The previous articles dealt with the introductory section of the Mahābhārata. This can be divided into three portions: 1. The section that starts with the verse Nārāyaṇaṃ namaskṛtya, 2. The section that starts with Ādyaṃ puruṣamīśānam, and 3. The section that starts with Gurave prāṅnamaskṛtya. The third section marks the entry of Vaiśampāyana in the epic. The words of the Sūta-Paurāṇika start off the second section. The first section is of unknown origin. Let us assume that it is that of an unknown Bhāgavata- Paurāṇika (traditional storyteller) since this seems to have been the mantra of several Bhāgavata traditions. It is almost certain that these sections were not composed by Vyāsa. Even in the epic narrated by Vaiśampāyana from start to end, it is difficult to distinguish which portion is Vyāsa’s and which is Vaiśampāyana’s. Vaiśampāyana had only heard the story when Vyāsa narrated it [‘यन्मत्तः श्रुतवानसि’ (1.54.22)]. We are unsure if Vyāsa narrated the story in prose or verse to Vaiśampāyana. The Sūta-Paurāṇika Ugraśrava at one instance says, “During the sarpa-yāga, all brāhmaṇas except Vyāsa narrated stories from the Vedas but Vyāsa always narrated the story of Bhārata alone.” Śaunaka then asked, “If so, please tell us the Bhārata story that you heard from Vyāsa.” Ugraśrava said, “So be it! I shall narrate the elaborate story of the epic Mahābhārata as retold by Kṛṣṇa-dvaipāyana. I too am eager to recount that very tale.” Saying so, he started the Bhārata epic.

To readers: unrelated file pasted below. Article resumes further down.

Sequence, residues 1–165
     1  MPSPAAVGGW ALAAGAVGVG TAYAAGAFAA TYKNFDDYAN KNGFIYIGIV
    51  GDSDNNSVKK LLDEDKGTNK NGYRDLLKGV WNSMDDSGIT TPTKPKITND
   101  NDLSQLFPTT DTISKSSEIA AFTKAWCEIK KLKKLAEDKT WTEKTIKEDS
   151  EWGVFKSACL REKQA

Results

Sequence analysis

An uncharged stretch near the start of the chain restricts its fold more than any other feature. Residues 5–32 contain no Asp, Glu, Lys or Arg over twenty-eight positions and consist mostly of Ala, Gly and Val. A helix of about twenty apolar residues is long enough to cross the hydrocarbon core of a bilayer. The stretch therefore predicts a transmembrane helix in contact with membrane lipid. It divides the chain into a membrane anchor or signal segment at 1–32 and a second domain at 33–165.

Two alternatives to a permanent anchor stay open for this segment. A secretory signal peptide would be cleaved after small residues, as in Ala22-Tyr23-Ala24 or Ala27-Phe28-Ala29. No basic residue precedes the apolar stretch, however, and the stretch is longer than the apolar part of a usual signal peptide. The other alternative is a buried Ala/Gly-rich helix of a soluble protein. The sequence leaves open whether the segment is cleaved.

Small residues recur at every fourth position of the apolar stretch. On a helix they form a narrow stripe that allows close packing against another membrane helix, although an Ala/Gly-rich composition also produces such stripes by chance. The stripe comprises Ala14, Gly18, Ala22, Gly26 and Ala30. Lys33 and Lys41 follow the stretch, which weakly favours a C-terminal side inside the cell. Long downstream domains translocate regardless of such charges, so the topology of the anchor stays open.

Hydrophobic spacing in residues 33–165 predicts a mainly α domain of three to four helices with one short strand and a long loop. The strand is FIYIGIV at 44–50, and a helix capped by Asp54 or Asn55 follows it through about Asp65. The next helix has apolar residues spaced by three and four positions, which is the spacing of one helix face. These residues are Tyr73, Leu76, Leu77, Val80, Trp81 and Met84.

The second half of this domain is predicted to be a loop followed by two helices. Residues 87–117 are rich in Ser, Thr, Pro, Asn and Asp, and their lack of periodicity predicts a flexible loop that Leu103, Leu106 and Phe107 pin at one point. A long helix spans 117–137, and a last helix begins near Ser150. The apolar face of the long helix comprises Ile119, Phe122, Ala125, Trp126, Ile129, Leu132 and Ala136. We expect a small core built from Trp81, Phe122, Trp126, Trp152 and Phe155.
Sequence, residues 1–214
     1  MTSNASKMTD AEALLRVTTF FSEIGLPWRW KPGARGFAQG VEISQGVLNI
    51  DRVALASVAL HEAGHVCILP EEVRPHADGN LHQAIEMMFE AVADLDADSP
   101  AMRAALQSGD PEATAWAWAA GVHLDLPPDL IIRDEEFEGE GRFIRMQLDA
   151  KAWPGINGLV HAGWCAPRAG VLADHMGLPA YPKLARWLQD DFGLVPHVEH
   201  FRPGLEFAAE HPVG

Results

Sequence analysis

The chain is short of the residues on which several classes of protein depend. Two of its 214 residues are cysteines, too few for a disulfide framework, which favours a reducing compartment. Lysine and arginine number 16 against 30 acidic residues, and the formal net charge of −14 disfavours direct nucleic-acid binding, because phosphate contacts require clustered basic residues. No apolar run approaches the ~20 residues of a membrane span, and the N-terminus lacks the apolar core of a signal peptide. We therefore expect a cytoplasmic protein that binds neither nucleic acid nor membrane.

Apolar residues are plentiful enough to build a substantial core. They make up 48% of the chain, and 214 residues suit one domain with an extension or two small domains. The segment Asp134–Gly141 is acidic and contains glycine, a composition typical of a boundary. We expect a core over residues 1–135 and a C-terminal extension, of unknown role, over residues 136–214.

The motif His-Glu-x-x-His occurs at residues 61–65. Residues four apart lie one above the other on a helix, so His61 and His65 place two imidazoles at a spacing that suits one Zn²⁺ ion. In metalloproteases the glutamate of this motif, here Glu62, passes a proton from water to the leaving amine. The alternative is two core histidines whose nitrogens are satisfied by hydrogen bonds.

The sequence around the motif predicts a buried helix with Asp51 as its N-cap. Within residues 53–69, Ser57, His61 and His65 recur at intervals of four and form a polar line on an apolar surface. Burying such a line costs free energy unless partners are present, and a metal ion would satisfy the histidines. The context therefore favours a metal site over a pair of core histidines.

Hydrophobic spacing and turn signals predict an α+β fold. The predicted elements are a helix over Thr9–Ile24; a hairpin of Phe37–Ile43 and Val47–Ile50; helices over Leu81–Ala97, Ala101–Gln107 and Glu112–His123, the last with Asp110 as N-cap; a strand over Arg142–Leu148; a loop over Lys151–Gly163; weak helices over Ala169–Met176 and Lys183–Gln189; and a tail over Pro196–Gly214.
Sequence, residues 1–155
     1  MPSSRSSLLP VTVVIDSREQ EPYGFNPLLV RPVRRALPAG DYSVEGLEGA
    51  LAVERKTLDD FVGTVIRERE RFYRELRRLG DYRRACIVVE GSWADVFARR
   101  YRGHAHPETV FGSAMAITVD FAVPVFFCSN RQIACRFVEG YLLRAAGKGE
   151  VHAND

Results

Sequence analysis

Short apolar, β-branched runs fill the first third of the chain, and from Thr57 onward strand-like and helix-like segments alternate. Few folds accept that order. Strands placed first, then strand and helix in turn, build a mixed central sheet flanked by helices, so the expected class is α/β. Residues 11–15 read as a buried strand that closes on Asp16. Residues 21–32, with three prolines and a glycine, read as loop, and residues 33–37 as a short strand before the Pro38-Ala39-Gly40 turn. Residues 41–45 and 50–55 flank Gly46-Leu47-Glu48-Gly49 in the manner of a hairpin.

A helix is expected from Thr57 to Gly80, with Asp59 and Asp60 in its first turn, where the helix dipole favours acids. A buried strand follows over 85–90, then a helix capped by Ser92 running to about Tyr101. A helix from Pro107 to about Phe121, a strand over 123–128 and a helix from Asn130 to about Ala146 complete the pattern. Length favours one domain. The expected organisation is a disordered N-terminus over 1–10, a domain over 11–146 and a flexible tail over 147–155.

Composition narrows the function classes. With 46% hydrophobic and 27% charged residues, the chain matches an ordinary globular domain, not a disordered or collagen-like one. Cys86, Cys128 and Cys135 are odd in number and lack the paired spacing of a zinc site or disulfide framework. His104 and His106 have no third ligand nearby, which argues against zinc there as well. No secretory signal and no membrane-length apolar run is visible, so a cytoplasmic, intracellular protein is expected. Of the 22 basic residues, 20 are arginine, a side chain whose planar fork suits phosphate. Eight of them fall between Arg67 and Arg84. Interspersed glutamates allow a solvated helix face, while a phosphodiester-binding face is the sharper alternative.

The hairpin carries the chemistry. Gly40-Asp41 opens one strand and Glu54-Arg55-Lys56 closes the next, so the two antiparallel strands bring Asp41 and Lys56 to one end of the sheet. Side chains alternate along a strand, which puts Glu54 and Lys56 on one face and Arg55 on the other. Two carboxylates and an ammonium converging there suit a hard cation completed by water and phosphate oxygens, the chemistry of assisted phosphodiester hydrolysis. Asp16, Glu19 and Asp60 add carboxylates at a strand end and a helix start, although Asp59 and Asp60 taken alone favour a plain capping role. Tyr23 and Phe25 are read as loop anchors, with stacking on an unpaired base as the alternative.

However, in other places, we find that Vyāsa is not the one who narrates the epic at the sarpa-yāga, but it is his disciple, Vaiśampāyana. It is hard to reconcile these contradictions. It has been said in several places that Vyāsa